When Limits Lead to Creativity

Design By: Margo Brunner

Design By: Margo Brunner

With great power, comes great responsibility. Maybe it should be said, with great freedom comes great restriction.

If a person were to be asked to pick a number, any number, on this great wide planet, it would be an almost guaranteed bet that the person would pick an integer, and why not. 

An integer is the level of numerical use that the average person utilizes on a day-to-day basis, so it would be easiest for someone to pop out the first integer that comes to mind. 

At the same time, out of an infinite pool of integers, a large majority of people would likely select a number from one to one hundred, just because it is the quickest to come to mind. 

The moral of the story, when given an infinite number of selections, most people will still select a number from a microscopic section of the options available.

Now, what if that same person was asked to select a number between 0 and 1? There is a high likelihood that the person would pick a number in the tenths, such as 0.1 or 0.6, just because that is the easiest and quickest number to come to mind that fits the requirements.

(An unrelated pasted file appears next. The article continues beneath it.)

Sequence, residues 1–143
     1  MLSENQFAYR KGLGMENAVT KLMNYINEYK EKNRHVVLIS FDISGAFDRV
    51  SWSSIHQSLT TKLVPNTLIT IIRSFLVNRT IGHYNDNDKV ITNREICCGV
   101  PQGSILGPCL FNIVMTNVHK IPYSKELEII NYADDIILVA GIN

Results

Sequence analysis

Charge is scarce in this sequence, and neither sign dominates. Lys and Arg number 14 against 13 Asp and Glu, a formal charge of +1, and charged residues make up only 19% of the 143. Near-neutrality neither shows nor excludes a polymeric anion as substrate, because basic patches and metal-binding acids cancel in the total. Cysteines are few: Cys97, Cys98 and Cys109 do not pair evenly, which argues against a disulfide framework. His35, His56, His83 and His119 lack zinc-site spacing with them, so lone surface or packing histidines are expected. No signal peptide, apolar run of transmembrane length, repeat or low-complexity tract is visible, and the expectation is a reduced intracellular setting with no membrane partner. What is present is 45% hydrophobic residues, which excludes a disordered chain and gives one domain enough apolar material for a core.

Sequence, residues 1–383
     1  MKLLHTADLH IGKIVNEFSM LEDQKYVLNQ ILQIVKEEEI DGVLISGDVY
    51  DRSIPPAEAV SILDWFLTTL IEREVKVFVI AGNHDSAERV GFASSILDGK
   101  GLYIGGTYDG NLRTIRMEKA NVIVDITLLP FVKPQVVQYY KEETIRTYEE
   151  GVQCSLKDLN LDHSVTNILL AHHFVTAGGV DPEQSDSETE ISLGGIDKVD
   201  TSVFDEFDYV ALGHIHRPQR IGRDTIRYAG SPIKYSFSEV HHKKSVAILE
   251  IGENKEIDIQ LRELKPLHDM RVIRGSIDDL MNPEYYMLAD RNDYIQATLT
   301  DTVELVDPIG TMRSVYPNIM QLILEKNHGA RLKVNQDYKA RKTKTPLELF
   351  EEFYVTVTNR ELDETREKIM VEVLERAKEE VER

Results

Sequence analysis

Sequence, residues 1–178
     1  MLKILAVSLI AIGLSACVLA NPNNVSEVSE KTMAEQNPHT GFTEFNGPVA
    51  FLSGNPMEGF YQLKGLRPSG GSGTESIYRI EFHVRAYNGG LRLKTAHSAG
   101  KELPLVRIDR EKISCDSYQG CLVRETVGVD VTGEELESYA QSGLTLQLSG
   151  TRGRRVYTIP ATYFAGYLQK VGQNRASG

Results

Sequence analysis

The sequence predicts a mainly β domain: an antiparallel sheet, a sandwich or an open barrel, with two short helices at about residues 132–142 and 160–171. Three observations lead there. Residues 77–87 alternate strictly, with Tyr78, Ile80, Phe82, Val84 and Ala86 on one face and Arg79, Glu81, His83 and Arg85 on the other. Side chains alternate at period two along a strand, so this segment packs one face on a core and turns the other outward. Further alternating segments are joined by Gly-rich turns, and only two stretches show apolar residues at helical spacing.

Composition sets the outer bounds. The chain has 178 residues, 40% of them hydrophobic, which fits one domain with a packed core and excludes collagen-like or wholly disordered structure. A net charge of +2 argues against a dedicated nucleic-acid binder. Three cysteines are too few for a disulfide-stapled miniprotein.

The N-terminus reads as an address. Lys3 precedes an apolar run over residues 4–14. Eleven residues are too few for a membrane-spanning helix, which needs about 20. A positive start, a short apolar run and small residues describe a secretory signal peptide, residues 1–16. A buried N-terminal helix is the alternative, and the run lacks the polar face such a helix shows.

In an informal poll of the Oracle staff, exactly zero participants selected a non-integer when asked to pick any number, and zero participants went beyond more than the hundredths place when asked to select a number between 0 and 1.

While 0.6 was an option to select when asked to pick any number, no participant of the study selected a decimal, but when the participants’ options were restricted, they ended up selecting a wider range of numbers than when given a wider range of numbers to select from. 

The practical use of such knowledge is knowing that having more options does not equate to better results. When writing the next great novel or the next Oscar-winning movie, leaving an infinite number of plot possibilities may result in a carte blanche film. 

Instead, try limiting the options. When filming a movie, only allow the cameraman to shoot at 90-degree angles. When writing a book, try not using the word “because.”

These limits to creativity may end up resulting in the most creative work of all.